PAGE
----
‘I couldn’t go to the mountains because I was pregnant and had already lost a baby running away’
From 1985 to 1987 the Iraqi army destroyed around 1,600 villages. One of the worst hit was Askar: it survived regular bombardments according to SAEDA OMAR RASUL, but the presence of peshmerga and Iranian soldiers in the village made a chemical attack inevitable.
‘Most of the villages in Kurdistan were affected by chemical weapons’
Poison gas undermined the morale of the peshmerga and terrified the Kurdish community. Patriotic Union of Kurdistan (PUK) leader MALA BAXTIYAR believes the fear unleashed by this new and deadly weapon made it difficult for the Kurds to adapt to it.
‘You have to be really desperate to consider smothering your own baby’
Some Kurdish families abandoned their children in their desperation to escape the Iraqi military during Anfal. The brother of WIRYA ASKARI was prepared to suffocate his own baby daughter to prevent Iraqi soldiers discovering his family's hiding place in a mountain cave.
‘Chemical weapons put fear in the hearts of most people’
The Iraqi army was merciless in pursuing peshmerga fighters with poison gas. Fearing further chemical attacks, OMAR FATAH HUSSEIN, a senior leader of the Patriotic Union of Kurdistan (PUK), ordered his peshmerga to retreat west through a desolate landscape of abandoned villages.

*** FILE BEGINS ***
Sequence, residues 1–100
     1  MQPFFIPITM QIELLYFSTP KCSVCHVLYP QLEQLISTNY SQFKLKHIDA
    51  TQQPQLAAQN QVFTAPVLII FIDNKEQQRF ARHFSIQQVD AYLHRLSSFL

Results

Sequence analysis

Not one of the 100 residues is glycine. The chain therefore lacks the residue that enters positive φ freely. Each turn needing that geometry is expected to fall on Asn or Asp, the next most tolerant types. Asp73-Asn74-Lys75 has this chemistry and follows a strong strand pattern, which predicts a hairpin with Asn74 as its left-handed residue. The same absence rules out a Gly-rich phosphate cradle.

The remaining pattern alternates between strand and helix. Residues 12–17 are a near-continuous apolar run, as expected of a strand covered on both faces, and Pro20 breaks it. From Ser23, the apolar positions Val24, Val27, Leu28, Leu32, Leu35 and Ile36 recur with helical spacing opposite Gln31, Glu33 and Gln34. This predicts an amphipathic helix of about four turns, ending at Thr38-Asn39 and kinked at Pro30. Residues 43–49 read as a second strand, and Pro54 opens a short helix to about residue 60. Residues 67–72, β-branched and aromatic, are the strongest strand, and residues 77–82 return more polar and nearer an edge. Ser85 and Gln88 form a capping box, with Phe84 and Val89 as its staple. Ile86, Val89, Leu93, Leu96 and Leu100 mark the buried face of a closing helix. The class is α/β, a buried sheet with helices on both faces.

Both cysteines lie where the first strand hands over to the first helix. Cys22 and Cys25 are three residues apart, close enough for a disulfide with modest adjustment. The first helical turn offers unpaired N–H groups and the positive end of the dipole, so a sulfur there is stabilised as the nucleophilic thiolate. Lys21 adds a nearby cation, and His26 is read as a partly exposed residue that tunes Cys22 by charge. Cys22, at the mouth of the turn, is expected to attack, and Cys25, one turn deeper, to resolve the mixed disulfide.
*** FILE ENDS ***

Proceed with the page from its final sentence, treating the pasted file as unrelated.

‘When they exhumed my mother’s body, she was holding the remains of my baby sister’
The cloud of gas that drifted across Goptapa left behind a scene of horror and devastation. MUSTAFA KHADER ISMAIL describes how dead bodies littered village alleyways, and how nine of his family perished that day.
‘“I don’t care what happens to me,” my father said. “But no harm must befall these civilians”’
Peshmerga risked their lives to save fellow Kurds, and none were braver than than Hakim Rebwar. His son, HAWRAZ RAFIQ KARIM, explains how his father made the ultimate sacrifice to protect the women and children of his village.